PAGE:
Metasurface-Driven Optically Variable Devices for Advanced Anti-Counterfeiting and Security
[POSTECH professor Junsuk Rho’s research team organizes metasurface-driven optically variable devices (mOVDs) according to their information capacity and security level.]
[The findings are featured as the front cover paper and research highlight in Chemical Reviews, an academic journal of the highest authority in nanotechnology.]
With the increasing threat of sophisticated counterfeits, what is a security device that can combat against them? It has been known that a technology that has never existed before can be used in security devices, but difficult to compare their strengths since no standards were in place to measure their performance. To this, a Korean research team that leads the world on optical anti-counterfeiting technology using metasurface – a completely novel material that freely controls light – has presented the standard.
A POSTECH research team led by Professor Junsuk Rho (Department of Mechanical Engineering and Chemical Engineering), Ph.D. candidates Chunghwan Jung, Jaehyuck Jang (Department of Chemical Engineering), Gyeongtae Kim, and Minsu Jeong (Department of Mechanical Engineering) have summarized and published various optically variable devices (OVDs) according to their information capacity*1 and security level*2. An OVD, mainly used for anti-counterfeiting, is a tinfoil-like sticker that changes shape and color depending on the angle of incidence.
The findings from this study were published as the front cover paper and research highlight in the first November issue of Chemical Reviews (impact factor of 60.622), the top journal in the field of nanotechnology. Chemical Reviews, published by the American Chemical Society, is an academic journal that presents research trends and prospects by leading scientists in the field and is recognized as having as much influence as Nature and Science.
Various devices, including color conversion inks that change colors when moved and fluorescent inks that emit light when irradiated with ultraviolet light, have been developed. But their inability to encrypt complex information has hindered their wide applicability.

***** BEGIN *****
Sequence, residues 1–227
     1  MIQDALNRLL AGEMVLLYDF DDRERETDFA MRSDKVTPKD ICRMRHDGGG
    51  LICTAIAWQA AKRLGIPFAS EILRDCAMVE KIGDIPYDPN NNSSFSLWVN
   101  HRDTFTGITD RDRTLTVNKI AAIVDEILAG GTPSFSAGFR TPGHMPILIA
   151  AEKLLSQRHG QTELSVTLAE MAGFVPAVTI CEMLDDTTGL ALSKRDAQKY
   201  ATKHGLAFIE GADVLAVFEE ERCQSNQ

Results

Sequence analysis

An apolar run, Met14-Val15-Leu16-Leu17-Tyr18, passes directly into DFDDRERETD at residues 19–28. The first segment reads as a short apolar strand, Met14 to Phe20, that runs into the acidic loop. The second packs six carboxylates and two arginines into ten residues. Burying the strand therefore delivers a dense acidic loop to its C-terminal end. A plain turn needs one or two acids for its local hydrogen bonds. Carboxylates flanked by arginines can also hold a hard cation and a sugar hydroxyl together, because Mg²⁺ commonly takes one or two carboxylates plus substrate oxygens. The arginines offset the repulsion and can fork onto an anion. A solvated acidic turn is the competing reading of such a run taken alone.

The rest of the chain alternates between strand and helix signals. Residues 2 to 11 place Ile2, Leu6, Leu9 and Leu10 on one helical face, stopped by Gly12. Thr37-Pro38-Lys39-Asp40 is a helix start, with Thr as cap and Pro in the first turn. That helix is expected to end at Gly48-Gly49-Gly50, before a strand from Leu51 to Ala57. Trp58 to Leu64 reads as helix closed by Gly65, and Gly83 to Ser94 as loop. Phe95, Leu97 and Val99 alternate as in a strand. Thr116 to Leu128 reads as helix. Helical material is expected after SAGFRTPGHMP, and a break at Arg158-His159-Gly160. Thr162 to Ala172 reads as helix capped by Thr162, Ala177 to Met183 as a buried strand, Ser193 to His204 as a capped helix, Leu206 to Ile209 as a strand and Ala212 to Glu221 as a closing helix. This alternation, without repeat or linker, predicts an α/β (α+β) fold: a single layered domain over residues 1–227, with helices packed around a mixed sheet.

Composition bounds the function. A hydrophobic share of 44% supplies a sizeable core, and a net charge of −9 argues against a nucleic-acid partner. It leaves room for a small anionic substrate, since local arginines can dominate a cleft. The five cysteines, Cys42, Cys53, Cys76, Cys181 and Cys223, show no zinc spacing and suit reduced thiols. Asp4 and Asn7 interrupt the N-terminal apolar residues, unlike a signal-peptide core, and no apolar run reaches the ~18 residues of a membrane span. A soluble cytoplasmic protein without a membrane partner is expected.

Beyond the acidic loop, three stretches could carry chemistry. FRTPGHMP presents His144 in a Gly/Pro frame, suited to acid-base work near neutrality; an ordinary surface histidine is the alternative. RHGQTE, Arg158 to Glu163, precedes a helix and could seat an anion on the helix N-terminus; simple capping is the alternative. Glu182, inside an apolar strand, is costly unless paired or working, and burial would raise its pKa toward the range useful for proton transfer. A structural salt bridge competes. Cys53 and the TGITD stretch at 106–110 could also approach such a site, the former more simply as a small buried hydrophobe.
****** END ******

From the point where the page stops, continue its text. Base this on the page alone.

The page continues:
To this, Professor Rho’s team focused on the metasurface which controls light by arranging nanostructures – that are one-thousandth the thickness of a human hair strand – in a desired shape.
The metasurface-based optical device can store more than 100 times more information than the conventional rainbow hologram sticker and can selectively display a desired image according to the angle, color, and polarization.
Encrypted information can never be decrypted without the correct optical decryption. By hierarchically encrypting information, it is possible to separately store images that can be seen without special equipment for the untrained eye and images that can only be viewed with specific analysis equipment by security professionals
This device is easy to store thanks to its very small size and can be mass-produced at low cost. The metasurface technology has infinite potential to expand into new areas of application including optical forgery and counterfeit devices as well as ultra-thin lenses and lidars.
“Security labels made using metasurfaces are difficult to replicate and are highly secure since they cannot be decrypted without specific settings,” explained Professor Junsuk Rho. “This study is significant in that it systematically summarized the core principles and applications of metasurface-based security devices led by a Korean research team.”
This study was conducted with the grant from the Samsung Research Funding & Incubation Center for Future Technology.
1. Information capacity
the amount of data that can be stored in one device
2. Security level
The level of equipment and skills needed to decode the information in the device